Pope, meeting with non-Catholics, pledges dialogue to serve humanity
By Cindy Wooden
Catholic News Service
Pope Benedict XVI blesses a child as he leaves a prayer service in the Basilica of St. Paul Outside the Walls in Rome.
(CNS photo from Catholic Press Photo)
VATICAN CITY (CNS) -- In his first meeting with representatives of other Christian communities and of other religions, Pope Benedict XVI pledged his pontificate would be marked by dialogue to promote truth and serve humanity.
"I assure you that the Church wants to continue building bridges of friendship with the followers of all religions, in order to seek the true good of every person and of society as a whole," he said.
The pope held an audience April 25 for the 70 Christian representatives, seven Muslim delegates and 17 Buddhist representatives who had attended his April 24 installation. Jewish representatives missed the meeting because it was held during their Passover observance.
Introducing the delegates, Cardinal Walter Kasper, president of the Pontifical Council for Promoting Christian Unity, told Pope Benedict they all offered prayers for his ministry, which includes "a special responsibility for the promotion of unity among all Christians (and) for the advancement of understanding and friendship among the followers of the world religions for the building of peace among all peoples."
In remarks to the Orthodox, Oriental Orthodox, Anglican and Protestant delegates, Pope Benedict said their prayers and presence at the April 8 funeral of Pope John Paul II was a "tribute of sympathy and affection" that "went well beyond a simple act of ecclesial courtesy."
"Much progress was made during the years of his pontificate, and your participation in the mourning of the Catholic Church over his death demonstrated how true and great is the common passion for unity," he said.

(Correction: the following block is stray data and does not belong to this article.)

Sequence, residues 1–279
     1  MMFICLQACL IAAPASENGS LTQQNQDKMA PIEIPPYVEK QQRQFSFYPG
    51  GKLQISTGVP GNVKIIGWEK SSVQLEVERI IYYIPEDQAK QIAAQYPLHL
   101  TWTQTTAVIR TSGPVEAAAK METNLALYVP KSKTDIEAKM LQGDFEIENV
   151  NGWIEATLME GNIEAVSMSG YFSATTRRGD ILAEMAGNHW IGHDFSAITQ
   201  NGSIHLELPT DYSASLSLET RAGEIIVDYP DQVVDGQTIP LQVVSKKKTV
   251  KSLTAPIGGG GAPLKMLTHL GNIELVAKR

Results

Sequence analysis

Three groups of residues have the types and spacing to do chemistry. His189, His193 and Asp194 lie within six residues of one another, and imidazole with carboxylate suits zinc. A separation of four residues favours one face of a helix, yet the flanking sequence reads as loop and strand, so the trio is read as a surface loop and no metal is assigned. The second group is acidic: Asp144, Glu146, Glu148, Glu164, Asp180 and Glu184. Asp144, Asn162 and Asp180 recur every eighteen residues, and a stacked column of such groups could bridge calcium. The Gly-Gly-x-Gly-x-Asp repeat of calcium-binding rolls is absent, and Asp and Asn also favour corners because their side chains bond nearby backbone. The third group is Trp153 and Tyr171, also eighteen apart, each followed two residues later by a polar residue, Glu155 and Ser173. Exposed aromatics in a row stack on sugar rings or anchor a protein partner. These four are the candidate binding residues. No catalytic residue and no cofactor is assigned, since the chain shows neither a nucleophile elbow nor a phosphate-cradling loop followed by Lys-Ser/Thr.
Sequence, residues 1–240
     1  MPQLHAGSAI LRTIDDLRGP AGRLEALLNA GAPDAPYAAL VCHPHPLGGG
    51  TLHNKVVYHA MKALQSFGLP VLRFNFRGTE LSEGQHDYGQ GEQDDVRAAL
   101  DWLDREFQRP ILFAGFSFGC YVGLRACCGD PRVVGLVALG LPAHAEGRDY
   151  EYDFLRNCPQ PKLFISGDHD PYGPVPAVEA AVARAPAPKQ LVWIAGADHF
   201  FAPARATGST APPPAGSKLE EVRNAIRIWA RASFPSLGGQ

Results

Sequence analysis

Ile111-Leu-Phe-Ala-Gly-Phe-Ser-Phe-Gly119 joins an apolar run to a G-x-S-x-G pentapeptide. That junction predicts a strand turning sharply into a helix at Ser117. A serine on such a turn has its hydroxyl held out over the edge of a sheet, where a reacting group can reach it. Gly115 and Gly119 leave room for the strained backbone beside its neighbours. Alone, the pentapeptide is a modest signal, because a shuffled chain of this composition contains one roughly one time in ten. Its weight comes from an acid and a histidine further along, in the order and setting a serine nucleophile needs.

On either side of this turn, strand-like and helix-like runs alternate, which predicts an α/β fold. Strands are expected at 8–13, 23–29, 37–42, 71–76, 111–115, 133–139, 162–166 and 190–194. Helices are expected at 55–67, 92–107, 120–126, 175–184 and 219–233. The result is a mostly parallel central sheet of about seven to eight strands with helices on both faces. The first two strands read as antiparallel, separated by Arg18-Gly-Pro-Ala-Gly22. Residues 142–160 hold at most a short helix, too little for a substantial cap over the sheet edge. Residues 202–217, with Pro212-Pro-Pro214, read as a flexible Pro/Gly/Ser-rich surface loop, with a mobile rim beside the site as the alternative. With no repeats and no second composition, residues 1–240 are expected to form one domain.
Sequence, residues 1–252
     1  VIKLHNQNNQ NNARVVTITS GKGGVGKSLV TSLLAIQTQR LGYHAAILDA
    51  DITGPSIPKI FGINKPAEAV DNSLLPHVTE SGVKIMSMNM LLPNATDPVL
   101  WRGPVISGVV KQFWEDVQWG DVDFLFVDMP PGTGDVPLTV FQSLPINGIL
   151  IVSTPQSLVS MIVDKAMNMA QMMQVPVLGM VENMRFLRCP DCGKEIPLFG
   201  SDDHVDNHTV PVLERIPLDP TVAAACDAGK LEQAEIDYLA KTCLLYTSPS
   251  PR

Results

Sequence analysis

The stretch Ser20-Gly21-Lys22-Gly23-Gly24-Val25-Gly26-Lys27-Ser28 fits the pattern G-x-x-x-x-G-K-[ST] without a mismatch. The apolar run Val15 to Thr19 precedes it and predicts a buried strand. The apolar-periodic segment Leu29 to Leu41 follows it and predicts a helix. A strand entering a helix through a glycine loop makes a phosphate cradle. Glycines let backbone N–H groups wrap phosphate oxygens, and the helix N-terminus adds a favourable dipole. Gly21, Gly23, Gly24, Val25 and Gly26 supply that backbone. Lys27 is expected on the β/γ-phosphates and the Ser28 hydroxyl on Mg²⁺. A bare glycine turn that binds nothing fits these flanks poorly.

Pope Benedict said the Lord has made divided Christians increasingly aware of the importance of unity among them.
"We all feel urged and encouraged to proclaim Christ and his message to the world, which often appears today to be troubled and restless, unthinking and indifferent," he said.
The pope told the Christian delegates, "I strongly feel the need to reaffirm the irreversible commitment" of the Catholic Church to pursuing the search for Christian unity.
"The path toward the full communion desired by Jesus for his disciples requires a concrete docility to that which the Spirit is saying to the churches," he said, as well as "courage, sweetness, strength and hope."
The search for unity must be founded in prayer, Pope Benedict said.
Christians must recognize that Christ is at work among them, sowing feelings of friendship, healing past wounds and "teaching us to live with a greater attitude of dialogue in harmony with the commitment that belongs to those who carry his name."
Pope Benedict offered special thanks to the Muslim delegates from Gambia, Iran and Italy and said, "I express my appreciation for the growth of dialogue between Muslims and Christians, both at the local and international level."
"The world in which we live," he said, "is often marked by conflicts, violence and war, but it earnestly longs for peace, peace which is above all a gift from God, peace for which we must pray without ceasing."
Pope Benedict told the Muslim and Buddhist leaders that all who profess a religious faith must be committed to peacemaking.
"It is therefore imperative to engage in authentic and sincere dialogue, build on respect for the dignity of every human person, created, as we Christians firmly believe, in the image and likeness of God," he said.
The pope asked members of all religions and "all who seek the truth with a sincere heart" to work together and to commit themselves to promoting "understanding, respect and love" among all peoples.

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